9 – Pairings – For each of the fandoms from day two, what are your three favorite pairings to depict in your art?

Pairings aren't really that central for me, and I haven't even done that many pairing pieces. In DC it's probably Bruce/Dick and Dick/Roy. For HP I enjoyed the Snape/Kingsley art I did, but it's not exactly a pairing favorite, I just liked the specific story by Beth a lot, otherwise I wouldn't have done two illustrations for it. The pairings I read most all involve Harry, but so far I haven't drawn any of those.

In SGA I like the team dynamic, and Sheppard with any number of people (John/Teyla, John/Rodney, John/Ronon, John/Lorne, John/Cameron... you get the idea) but that the only specific pairing in one of my SGA pictures is John/Rodney was mostly due to that being asked for my a recipient in a fest, not because I feel more inspired by that pairing, though I read a lot of it.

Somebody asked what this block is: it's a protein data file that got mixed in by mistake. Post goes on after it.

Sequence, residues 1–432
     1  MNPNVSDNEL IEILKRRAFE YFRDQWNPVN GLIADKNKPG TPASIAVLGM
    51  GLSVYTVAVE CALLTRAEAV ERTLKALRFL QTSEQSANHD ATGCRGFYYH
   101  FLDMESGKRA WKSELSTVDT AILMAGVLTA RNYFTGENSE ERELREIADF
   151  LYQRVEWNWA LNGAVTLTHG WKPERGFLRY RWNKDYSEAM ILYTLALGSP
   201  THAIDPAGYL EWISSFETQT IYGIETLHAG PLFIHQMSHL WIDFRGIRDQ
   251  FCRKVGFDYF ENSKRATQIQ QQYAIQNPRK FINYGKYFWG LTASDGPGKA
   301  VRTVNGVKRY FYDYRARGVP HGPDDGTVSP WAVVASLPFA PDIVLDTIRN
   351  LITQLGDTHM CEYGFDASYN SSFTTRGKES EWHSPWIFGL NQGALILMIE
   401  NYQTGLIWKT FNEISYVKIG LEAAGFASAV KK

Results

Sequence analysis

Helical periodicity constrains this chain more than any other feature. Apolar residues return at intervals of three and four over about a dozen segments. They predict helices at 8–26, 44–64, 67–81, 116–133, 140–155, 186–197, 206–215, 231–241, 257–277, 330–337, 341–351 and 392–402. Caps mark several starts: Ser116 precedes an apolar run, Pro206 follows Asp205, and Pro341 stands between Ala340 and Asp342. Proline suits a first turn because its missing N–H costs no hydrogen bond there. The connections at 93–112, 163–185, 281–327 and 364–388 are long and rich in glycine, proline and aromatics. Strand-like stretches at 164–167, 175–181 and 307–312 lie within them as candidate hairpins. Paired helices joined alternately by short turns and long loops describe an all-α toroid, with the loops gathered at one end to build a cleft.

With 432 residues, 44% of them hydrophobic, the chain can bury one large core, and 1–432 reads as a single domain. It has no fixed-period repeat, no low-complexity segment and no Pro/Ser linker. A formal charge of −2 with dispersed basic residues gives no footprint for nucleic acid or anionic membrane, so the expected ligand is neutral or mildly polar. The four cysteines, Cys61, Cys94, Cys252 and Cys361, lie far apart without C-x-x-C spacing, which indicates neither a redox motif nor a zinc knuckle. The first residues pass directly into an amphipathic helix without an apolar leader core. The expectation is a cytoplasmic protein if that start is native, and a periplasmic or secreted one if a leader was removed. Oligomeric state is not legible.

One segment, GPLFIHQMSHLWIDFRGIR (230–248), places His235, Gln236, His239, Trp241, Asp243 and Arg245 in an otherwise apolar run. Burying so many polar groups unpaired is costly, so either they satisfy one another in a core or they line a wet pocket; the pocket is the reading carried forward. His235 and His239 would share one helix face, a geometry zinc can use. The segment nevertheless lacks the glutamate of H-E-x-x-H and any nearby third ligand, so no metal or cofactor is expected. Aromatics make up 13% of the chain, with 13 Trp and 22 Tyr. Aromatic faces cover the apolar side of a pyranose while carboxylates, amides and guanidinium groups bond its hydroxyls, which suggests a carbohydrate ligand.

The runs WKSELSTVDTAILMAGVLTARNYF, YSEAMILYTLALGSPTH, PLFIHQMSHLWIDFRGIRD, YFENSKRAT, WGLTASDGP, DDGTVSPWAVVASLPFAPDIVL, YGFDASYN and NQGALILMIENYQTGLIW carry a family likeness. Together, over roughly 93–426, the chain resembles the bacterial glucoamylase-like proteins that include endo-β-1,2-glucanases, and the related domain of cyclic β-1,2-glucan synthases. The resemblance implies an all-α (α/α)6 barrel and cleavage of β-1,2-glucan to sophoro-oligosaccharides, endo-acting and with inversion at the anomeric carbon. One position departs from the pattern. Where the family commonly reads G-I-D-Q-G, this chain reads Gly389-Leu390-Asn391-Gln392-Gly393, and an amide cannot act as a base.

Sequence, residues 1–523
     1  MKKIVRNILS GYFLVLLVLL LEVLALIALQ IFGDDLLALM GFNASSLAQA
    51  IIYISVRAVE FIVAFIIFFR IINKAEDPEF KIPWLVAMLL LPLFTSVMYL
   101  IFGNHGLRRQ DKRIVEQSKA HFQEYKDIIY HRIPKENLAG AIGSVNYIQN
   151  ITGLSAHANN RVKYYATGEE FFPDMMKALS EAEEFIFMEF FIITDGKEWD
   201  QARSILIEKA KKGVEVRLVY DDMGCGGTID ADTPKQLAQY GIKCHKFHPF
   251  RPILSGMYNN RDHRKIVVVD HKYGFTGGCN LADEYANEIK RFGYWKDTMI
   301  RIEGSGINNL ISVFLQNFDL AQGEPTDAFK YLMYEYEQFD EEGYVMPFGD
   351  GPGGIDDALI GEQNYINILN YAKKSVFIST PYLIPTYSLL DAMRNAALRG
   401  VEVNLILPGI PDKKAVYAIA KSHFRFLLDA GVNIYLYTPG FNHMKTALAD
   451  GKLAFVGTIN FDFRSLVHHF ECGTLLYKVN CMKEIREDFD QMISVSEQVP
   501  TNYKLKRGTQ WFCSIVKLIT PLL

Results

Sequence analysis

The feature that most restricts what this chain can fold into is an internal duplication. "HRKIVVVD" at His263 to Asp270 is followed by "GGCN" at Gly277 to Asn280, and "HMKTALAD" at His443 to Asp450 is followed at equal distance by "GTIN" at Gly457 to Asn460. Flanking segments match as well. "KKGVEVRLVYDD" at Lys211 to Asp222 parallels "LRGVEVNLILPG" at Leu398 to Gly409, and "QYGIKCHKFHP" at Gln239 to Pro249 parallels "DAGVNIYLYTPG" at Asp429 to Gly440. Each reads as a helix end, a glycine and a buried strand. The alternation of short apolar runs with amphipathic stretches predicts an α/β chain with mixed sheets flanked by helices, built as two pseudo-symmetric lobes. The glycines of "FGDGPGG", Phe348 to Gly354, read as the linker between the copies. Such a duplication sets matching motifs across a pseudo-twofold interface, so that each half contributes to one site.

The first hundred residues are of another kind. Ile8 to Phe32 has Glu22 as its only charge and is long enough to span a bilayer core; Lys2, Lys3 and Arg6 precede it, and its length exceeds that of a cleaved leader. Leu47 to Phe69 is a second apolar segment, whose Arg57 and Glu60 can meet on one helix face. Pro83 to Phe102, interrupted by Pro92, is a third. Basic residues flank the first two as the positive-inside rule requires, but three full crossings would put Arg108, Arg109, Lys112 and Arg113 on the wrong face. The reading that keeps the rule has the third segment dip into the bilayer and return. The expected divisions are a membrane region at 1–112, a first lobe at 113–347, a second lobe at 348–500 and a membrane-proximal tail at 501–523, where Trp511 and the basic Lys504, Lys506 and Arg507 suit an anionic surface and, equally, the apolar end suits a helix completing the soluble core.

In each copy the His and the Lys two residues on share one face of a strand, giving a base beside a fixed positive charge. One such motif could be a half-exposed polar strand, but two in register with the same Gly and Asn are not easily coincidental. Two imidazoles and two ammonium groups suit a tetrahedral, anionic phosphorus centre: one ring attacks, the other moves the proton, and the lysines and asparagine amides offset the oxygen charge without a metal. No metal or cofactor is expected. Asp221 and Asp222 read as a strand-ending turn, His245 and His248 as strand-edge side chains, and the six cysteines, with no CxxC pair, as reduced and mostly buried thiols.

10 - Pairings – Have you ever gone outside your comfort zone and made art for a pairing you liked, but found you couldn't draw/paint/..., or a pairing you didn't like, and found you could?

Not really. I'm not that hung up on pairings. So far I haven't done any art for a pairing that I dislike. The couple of times I've worked from fest prompts and such I could always find an angle that worked okay for me and with the offered prompts, so I never had to leave my comfort zone. I have a general RPF squick so I don't think I could do actor pairing art of any kind on request, certainly not explicit. I could probably work around my incest squick if pressed, at least for sibling incest, though probably not parent/child unless I was trying for an abuse-themed picture, which I don't count as "pairing". I've done some drawbles for prompts that aren't my thing, so I think I could go beyond my comfort zone in some directions but not in others.
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8 – Do you design OCs? And if so, are they a kind of self-insert/portrait, e.g. a portrait of a non-canon character you play in an fandom-based RPG or a fursona?